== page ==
The Story of Ahmed and Alin: Syrian Orphans Trapped in Turkey – part 1

… the Child Laborers from Syria – Published on Spiegel Online International, by Claas Relotius, July 14, 2016 (Photo Gallery).

Ahmed and Alin were 10 and 11 years old when their parents died in Aleppo. They fled to Turkey and now work there as child laborers — collecting scrap and working in a sweat shop. They dream of escape, but don’t know how … //

… The day when war arrived was a summer’s day two years ago. Ahmed and Alin, the children of a laundry service owner in Aleppo, were 10 and 11 years old. He, a boy with big ears who liked to eat licorice and preferred riding a bicycle and playing football to praying. She, a girl who liked doing homework, had the best grades in her class and who had been taught by her mother, a baker, how to cook.

They had just sat down to dinner. Their mother Adeeba had made couscous with dates. Mohammed, their father, had been telling them about his work. A Syrian family sitting together at a table — when an explosion, out of nowhere, knocked all four off their chairs. The bomb, which had fallen on the neighboring building, tore through three walls, leaving their living room in rubble. The children screamed and their father called for help. The only person silent was their mother, who was buried beneath the stones. “She was just lying there,” says Ahmed, no longer breathing. And when the smoke and dust finally cleared, they could see blood flowing from her forehead. In Alin’s words, it looked “like red water in a river.”

Our Uncle Told Us to Leave:

An aunt washed the corpse. Ahmed and his father buried his mother at the last remaining cemetery in Aleppo, located not far away from their destroyed home.

They moved in with an uncle. Not long after losing his wife, their father Mohammed also lost his business. Even though bomb after bomb fell on their neighborhood, he didn’t want to leave Aleppo. Alin and Ahmed say he cursed Assad and the dictator’s soldiers, who had encircled half the city. The children were not allowed to leave the house — at first for weeks, and then for months. During the day, they could see smoke rising above the homes of their friends. At night, they laid in bed together with their father, clinging tightly to him each time an explosion shook the walls.

It was on a hot morning one year ago, both say, that their father left the house never to return. He had wanted to pick up food for them — pita bread, flour and a canister of water. The last remaining store in their neighborhood was located just four blocks away, but snipers lurked everywhere on the rooftops, as neighbors would later tell them. A regime solder, claimed some, had shot their father in the back of the head. Others were sure it was Islamic State fighters. Alin and Ahmed say they never saw their father again.

They have a hard time talking about it even today. When they do, their soft features become rigid and their eyes begin to wander. They don’t have many memories of their last days and weeks in Aleppo — only that, at some point, perhaps months later, they left the city. “Our uncle told us we had to leave,” Ahmed says. “He stayed,” says Alin, “but we were to disappear” … //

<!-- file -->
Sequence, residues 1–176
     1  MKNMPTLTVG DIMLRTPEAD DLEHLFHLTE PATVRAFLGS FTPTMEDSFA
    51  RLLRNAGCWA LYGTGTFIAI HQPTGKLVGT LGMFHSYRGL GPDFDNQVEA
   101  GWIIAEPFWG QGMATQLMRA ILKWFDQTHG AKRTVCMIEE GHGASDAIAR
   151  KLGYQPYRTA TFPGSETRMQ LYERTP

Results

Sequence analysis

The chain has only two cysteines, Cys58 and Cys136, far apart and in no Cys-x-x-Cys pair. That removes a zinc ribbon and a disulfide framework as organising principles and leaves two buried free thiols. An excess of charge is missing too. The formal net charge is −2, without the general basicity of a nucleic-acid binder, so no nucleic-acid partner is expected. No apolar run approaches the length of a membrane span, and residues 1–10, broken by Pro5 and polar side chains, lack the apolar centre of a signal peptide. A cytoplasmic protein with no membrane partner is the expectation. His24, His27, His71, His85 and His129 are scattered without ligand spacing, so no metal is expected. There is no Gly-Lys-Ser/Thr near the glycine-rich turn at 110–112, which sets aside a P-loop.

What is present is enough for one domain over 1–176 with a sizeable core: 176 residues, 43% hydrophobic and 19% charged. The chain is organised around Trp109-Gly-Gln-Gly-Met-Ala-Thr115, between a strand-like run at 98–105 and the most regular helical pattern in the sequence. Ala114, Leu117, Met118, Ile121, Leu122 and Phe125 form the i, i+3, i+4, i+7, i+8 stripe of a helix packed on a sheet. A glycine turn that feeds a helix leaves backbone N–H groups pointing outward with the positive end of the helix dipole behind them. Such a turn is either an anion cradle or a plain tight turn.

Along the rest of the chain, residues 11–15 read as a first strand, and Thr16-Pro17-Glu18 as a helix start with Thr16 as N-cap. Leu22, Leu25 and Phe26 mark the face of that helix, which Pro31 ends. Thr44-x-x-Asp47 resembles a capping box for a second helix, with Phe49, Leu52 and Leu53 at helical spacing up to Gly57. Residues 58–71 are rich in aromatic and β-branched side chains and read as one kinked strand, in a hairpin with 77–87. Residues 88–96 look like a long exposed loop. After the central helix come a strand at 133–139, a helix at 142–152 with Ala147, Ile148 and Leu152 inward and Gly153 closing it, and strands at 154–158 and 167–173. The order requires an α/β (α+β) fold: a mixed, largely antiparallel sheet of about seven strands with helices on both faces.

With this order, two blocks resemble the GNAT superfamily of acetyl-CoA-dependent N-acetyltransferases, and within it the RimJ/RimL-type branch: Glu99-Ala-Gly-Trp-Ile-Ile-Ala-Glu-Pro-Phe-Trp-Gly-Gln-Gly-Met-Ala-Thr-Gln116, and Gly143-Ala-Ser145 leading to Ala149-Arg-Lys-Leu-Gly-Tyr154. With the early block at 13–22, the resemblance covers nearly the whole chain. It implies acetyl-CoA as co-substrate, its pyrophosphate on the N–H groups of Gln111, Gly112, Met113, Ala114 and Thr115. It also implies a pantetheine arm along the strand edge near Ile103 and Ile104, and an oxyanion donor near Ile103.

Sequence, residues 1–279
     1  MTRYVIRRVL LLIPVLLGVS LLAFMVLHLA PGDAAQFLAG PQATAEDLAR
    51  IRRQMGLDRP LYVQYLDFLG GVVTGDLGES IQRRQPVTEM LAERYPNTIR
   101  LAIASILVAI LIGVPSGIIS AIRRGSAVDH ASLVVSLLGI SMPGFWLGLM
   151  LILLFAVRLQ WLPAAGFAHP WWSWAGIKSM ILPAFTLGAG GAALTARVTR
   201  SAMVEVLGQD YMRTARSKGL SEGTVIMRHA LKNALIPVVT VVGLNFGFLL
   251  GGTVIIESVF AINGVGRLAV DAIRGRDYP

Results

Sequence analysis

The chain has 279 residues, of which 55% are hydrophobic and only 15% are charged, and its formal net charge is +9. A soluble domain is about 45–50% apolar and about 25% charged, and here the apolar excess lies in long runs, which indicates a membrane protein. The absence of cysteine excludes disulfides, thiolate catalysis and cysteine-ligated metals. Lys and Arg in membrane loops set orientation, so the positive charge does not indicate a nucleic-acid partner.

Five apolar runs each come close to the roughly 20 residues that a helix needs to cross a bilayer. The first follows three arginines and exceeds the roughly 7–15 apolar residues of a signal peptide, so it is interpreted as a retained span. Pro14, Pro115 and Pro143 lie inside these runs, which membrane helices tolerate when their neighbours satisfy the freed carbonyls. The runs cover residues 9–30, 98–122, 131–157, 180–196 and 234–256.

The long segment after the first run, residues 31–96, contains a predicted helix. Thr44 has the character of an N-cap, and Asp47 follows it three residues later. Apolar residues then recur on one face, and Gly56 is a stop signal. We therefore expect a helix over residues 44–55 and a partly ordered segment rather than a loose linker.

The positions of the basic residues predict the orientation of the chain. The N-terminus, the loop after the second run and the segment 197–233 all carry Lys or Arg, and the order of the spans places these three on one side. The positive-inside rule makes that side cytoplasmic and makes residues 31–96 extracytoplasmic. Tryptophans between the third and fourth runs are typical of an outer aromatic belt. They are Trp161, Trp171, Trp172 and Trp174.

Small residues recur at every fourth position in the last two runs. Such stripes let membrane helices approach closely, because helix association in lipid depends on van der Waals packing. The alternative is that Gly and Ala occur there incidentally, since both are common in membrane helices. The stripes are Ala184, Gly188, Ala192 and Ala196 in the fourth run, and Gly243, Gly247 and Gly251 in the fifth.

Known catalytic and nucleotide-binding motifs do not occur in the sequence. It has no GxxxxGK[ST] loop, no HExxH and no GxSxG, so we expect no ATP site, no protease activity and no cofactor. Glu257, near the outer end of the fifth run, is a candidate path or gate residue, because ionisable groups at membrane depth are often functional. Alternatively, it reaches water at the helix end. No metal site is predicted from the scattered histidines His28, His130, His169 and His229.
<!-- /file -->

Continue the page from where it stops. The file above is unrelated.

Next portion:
… (full text).

Part 2: Separation;
Part 3: Searching for a Happy Ending.


France, BESANÇON: entretien avec Didier Gendraud, en retrait de la politique, mais attentif, dans Ma, le 14 juillet 2016;

Revival of Universal Basic Income Proposal Ignores Needs of Labor Force, on WSJ, by Greg Ip, July 13, 2016: No-strings-attached benefit could worsen the problem of falling participation rate of prime-age men; (my comment: why not introduce, linked to BIG, an obligatory service of xy hours/year, to be given by every one at a time noted in advance … and do not tell me that it is impossible to be organised, with all our supercomputers, super programs and human genies. The only BUG: this can be misused by elites to big work for us all with small income … at the end we are dependent for our daily rice bowl. Universal Basic Income makes only sense with a 100% democratic and transparent financial system – Heidi);

INDIA: Gains from sale of inherited property taxed as capital gains, on live mint, by Parizad Sirwalla, July 13, 2016: for computing capital gains in case of such inherited property, the period of holding is reckoned from the date of purchase of property by the owner who actually acquired it, other than by inheritance or gift;

Universal basic income: poor tool to fight poverty? Mapping the debate, on BIEN, by Kate Farland, July 13, 2016;

Revenu de base, un futur droit fondamental? dans La Dé, le 13 juillet 2016;

Yugoslavia 1991: How Can a War Start If Nobody Wants It? on Spiegel Online International, by Carolyn Braun, Marcus Pfeil and Danijel Visevic, July 4, 2016 (Photo Gallery): Twenty-five years ago, Yugoslavia’s best-known musicians gave a concert in Sarajevo. Those in attendance were sure of one thing: There should not and would not be a war. Then all hell broke loose. A new project is looking for people who were at the show;

The Dynasty of Rothschild, the only Trillionaires in the World, 55.50 min, uploaded by Sish Advexon;

Rothschild’s Tactical Retreat – Brexit, 6.01 min, uploaded by Counter Tyranny Ops;

Les guerres inutiles pour le pétrole, dans Global Relay Network, par WILL SUMMER, le 7 mai 2016;

A quoi ça sert de boire du lait? à rien, 4.08 min, dans facebook/lenouvelobservateur, April 1, 2016;

… and this:

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